My apologies for the lack of a post last week; a combination of dispiritment at the state of the world and a lot to do on the Monday that wasn’t possible to get ready except at the weekend are my excuses. Let me make up for it somewhat with something hopefully a bit more thought-provoking, which I stubbed to think about in April 2017 but still seems worth exploring a bit. It sort of starts here.
I come not to criticise LEGO‘s historicity, you understand; we could go a long way into the difference between the mythic and the historical image of the Viking before we got to a conclusion about whether it is OK that those helmets are horned. But they exemplify something that came to my mind after, in April 2017, my department had an external review, during which one of the reviewers talked about using LEGO as a teaching aid.1 At the time, I confess to thinking this a bit infantile; since then, I must say, I have seen it done well and been converted. A class of first-years in groups each given a small bundle of LEGO pieces and told to build something in ten minutes that expressed chivalry brought out a good few knights on horseback, yes, but also, because of people wanting to use all the pieces or acknowledge that not everyone in the age of chivalry actually was a knight, some quite multi-layered symbolism piled up on those models. In general, it got them putting stuff they’d read into action in a way I don’t think talking would have done by itself, and I only wish I’d had the idea myself.2 So I’m not against the technique, just to make that clear, but a colleague who works on much more modern violence, racism and atrocity felt then that it would be really tasteless and impolitic to try and model anything they taught in LEGO, and it got me thinking.
The thought was, is there a line in history on one side of which this kind of modelling becomes inappropriate or insensitive? When I was a child, this wasn’t a question one would have had to ask, because LEGO basically didn’t do violence: I, a Star Wars fan of early vintage, was always a bit disappointed that their various spaceships and moon exploration sets, fancy or functional, did not feature laser guns. But even then, they did knights and castles sets (though right now they do not, as the last range apparently didn’t sell…), and as we see above it wasn’t long before they embarked on pirates. Again, I am not out to critique LEGO’s choices here, not even the fact that since then they have also done ninja and Viking ranges. But I wonder if we have a cut-off? As far as I can see, pirates is about as modern as they get with anything that’s not current film or TV properties like superheroes, and pirates are almost timeless in the popular imagination anyway, though very much a live concern that happens to people in some seas even so. Obviously there are some non-LEGO toy ranges that come closer to the modern violent than this: Action Man is the most obvious survivor from my childhood, but when I was a child I had (in fact, have recently had to reclaim from my mother’s attic, so now have again, I admit) a lot of farm toys made by a company called Britains who also did toy soldiers. The two aspects of the company now seem to have diverged and split across the Atlantic, but I notice that neither is doing one thing they used to do, cowboys and Indians. So perhaps that has become unacceptable (though somewhat to my horror, the toy soldier section of the company now also has a Vikings range…).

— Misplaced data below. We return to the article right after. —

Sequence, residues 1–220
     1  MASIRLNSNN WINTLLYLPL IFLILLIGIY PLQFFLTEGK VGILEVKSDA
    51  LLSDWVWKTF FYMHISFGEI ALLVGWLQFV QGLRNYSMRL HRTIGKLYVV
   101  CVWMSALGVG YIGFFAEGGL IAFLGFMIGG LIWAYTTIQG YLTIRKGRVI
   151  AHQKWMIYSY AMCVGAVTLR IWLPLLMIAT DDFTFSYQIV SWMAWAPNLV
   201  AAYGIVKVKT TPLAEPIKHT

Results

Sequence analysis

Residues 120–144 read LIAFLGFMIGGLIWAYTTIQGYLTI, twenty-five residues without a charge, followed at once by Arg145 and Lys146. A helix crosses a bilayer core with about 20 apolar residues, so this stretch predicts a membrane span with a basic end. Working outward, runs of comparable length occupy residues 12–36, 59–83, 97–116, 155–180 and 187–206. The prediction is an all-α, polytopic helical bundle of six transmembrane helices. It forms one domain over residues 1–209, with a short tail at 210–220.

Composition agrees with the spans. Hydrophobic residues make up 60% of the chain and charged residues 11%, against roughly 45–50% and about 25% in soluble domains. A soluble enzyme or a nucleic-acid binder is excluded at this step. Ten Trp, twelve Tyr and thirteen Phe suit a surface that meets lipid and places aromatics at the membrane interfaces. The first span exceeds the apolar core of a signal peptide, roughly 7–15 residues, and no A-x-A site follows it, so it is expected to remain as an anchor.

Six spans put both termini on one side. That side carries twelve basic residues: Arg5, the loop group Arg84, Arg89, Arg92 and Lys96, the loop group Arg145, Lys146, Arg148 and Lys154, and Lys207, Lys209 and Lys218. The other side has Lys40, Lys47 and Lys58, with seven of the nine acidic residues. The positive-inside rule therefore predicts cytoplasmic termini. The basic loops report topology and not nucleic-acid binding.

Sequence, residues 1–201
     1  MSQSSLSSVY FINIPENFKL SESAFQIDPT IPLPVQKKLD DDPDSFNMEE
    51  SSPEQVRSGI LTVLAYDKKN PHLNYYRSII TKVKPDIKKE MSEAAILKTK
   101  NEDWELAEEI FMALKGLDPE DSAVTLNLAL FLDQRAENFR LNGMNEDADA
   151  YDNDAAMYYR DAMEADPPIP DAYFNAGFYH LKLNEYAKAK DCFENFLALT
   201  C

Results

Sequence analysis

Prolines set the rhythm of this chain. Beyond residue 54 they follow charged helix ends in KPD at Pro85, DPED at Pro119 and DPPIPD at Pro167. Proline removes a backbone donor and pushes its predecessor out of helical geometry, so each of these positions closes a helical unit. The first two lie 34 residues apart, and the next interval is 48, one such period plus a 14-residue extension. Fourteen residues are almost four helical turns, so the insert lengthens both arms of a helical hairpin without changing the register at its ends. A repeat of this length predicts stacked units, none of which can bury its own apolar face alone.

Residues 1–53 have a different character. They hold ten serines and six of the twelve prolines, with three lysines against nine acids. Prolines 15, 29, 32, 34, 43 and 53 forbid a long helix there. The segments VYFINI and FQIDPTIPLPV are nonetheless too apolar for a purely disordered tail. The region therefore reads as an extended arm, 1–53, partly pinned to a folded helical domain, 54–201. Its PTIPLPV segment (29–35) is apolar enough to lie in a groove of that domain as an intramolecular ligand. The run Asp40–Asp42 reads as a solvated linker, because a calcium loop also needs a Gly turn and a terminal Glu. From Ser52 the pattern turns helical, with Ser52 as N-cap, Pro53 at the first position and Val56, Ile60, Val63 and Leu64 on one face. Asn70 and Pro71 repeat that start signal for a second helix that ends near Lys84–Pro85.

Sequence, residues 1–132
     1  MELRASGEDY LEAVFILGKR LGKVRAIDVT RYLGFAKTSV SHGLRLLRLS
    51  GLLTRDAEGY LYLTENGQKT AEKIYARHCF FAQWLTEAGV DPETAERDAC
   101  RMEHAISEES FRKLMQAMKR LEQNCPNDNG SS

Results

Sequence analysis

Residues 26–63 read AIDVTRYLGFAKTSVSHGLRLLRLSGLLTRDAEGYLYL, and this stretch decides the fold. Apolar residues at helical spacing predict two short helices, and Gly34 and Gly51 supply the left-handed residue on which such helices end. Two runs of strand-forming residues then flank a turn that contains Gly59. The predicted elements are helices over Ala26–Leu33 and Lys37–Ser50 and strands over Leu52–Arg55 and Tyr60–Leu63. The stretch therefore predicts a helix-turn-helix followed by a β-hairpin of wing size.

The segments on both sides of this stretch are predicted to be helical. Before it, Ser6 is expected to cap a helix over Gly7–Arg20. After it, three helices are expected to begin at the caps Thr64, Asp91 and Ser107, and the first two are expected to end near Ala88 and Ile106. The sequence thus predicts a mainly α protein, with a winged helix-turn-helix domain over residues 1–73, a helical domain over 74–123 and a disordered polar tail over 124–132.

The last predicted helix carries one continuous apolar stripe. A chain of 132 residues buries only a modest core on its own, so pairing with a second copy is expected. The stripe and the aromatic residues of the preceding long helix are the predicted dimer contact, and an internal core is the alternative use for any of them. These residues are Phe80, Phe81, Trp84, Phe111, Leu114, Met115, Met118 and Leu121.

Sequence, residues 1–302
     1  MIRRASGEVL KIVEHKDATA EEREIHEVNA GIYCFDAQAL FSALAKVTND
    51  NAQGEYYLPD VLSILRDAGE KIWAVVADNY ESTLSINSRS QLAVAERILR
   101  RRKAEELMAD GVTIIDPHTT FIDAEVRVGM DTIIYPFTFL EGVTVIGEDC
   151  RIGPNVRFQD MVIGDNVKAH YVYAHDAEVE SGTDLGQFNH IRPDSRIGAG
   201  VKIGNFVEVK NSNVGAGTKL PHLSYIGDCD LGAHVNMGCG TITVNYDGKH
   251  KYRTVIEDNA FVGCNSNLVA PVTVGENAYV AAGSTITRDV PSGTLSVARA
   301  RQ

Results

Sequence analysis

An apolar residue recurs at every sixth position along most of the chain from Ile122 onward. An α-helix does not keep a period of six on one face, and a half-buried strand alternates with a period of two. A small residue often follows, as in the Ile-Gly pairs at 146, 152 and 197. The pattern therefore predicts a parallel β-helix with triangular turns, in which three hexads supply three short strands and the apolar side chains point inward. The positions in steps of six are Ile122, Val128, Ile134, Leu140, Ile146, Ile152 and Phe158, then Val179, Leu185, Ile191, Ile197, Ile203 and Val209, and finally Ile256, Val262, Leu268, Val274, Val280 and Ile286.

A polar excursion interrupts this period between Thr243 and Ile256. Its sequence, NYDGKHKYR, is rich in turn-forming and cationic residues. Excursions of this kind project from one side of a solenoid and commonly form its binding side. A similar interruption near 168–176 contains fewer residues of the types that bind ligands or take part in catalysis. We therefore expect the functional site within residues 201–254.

So OK, pirates in popular culture are basically ahistorical, fine, and I suppose one could make the same kind of argument for Vikings, and at least with the Vikings we have contemporary literature of that culture which suggests that many Vikings would have been more or less fine with the idea that their exploits of seafaring, skulduggery (and skull-drinkery) and superviolence would be re-enacted by children with a variety of toys nine to eleven centuries after they were committed.3 Perhaps that’s even true of Western European knights to an extent: the Chanson de Roland and Bertran de Born could be enlisted to support it.4 But I don’t imagine any of these companies are going to start making toys of seventh-century Arab soldiers just because there’s some really powerful early Arabic war poetry; that would be a bit too close to the bone still somehow, wouldn’t it? Likewise, discussions here long past suggest that the fact that New Zealand’s rugby team still do a haka before their matches would not make it OK, or even successful, to produce a range of figures from the Maori wars for children to play with.5